Astros 3, Rockies 2:  Juan Nicasio put forth a fine effort (7 IP, 5 H, 1 ER) in his first regular season action since taking that nasty comebacker last year. It didn’t hold up, however, as the Rockies’ defense failed on a ball back to the mound in the eighth, allowing Houston to score the tying run while extending the inning for the go-ahead single by Brian Bogusevic. Pfun Pfact: This is the first time the Astros have been over .500 since July 29, 2009. They shouldn’t get used to it, but good for them.

Rangers 5, White Sox 0: Matt Harrison and three relievers combine for the shutout. Homers from Murphy, Beltre and Hamilton. And yeah, I watched “Mad Men” instead of the last few innings of this game. I’m still in spring training form I guess. Anyway: WTF with Don’s fever dream? Crazy!

Reds 6, Marlins 5: Heath Bell couldn’t hold a one-run lead, giving up a homer to Jay Bruce and then a hot-shot infield single by Scott Rolen.  Ozzie Guillen has now gone two whole days without expressing his admiration and affection for brutal socialist dictators.

Settling the Scores: Memorial Day edition

ARLINGTON, VA - MAY 21:  American flags are shown after being placed by members of the 3rd U.S. Infantry Regiment at the graves of U.S. soldiers buried at Arlington National Cemetery, in preparation for Memorial Day May 21, 2015 in Arlington, Virginia. "Flags-In" has become an annual ceremony since the 3rd U.S. Infantry Regiment (The Old Guard) was designated to be an Army's official ceremonial unit in 1948  (Photo by Win McNamee/Getty Images)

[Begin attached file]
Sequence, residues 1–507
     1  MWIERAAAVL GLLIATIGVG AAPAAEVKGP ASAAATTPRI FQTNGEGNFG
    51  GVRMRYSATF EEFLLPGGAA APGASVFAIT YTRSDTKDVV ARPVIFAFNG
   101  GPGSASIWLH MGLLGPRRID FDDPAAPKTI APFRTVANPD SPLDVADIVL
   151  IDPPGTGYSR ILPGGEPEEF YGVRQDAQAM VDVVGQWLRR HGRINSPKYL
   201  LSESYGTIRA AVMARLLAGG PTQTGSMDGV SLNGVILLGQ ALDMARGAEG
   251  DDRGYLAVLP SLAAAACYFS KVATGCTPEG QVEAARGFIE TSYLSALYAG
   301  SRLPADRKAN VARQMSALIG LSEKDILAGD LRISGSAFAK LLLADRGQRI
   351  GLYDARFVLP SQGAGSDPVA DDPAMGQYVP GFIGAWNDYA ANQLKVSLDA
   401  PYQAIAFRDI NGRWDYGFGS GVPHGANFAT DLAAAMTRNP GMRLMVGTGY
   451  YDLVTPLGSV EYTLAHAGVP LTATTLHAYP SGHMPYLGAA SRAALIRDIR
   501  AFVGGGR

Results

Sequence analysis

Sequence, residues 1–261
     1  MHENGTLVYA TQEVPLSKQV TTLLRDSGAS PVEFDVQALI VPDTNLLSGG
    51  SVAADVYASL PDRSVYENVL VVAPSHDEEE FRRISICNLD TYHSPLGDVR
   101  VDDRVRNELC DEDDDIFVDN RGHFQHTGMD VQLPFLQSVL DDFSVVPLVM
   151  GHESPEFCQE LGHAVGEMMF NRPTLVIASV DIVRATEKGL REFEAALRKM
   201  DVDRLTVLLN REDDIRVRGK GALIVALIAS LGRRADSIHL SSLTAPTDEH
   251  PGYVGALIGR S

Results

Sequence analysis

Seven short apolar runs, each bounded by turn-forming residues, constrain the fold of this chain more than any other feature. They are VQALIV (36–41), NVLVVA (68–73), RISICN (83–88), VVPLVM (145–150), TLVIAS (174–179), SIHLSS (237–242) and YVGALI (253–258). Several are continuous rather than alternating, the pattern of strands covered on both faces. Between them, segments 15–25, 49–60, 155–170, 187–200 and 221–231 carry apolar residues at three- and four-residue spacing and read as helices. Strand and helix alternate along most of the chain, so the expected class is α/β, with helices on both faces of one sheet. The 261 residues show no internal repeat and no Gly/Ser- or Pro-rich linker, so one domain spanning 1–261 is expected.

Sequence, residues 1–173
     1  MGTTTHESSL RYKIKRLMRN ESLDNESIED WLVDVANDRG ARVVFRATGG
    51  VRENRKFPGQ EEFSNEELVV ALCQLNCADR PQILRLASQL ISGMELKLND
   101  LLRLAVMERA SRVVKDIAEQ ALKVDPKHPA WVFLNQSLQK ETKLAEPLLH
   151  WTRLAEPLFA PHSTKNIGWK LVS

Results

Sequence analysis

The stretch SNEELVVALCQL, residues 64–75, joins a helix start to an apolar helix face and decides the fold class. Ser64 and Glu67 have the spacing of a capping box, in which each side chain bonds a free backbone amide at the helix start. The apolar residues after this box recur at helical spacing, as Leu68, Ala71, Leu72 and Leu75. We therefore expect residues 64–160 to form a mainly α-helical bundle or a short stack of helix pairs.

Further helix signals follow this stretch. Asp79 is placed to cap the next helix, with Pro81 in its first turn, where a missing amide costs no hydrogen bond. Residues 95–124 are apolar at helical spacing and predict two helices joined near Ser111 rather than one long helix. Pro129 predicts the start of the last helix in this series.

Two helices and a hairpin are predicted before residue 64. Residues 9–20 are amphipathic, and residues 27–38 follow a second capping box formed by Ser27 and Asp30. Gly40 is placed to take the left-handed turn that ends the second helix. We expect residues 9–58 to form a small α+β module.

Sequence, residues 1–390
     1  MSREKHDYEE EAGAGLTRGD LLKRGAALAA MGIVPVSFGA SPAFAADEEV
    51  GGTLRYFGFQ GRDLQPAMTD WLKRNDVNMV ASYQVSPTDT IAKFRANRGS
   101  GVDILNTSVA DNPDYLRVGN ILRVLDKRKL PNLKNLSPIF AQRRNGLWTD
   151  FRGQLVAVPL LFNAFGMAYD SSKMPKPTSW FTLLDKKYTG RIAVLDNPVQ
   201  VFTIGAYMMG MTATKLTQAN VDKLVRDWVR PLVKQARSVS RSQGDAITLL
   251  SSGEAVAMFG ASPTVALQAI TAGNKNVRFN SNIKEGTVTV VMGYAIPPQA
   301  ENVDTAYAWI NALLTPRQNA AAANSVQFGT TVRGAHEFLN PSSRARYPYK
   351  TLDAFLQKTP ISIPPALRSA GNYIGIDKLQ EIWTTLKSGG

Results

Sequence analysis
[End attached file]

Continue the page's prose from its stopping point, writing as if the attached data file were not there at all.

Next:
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Memorial Day commemorates the men and women who died in military service. At some point in the past couple of decades, however, it has become an all-purpose flag-waving, patriotism-declaring, civilians-in-camouflage holiday. It’s understandable why this is the case. We, as a country, haven’t always done mourning well. I think it’s part of our national cultural DNA that we don’t and it’s not necessarily a bad thing, but it does make days like this difficult.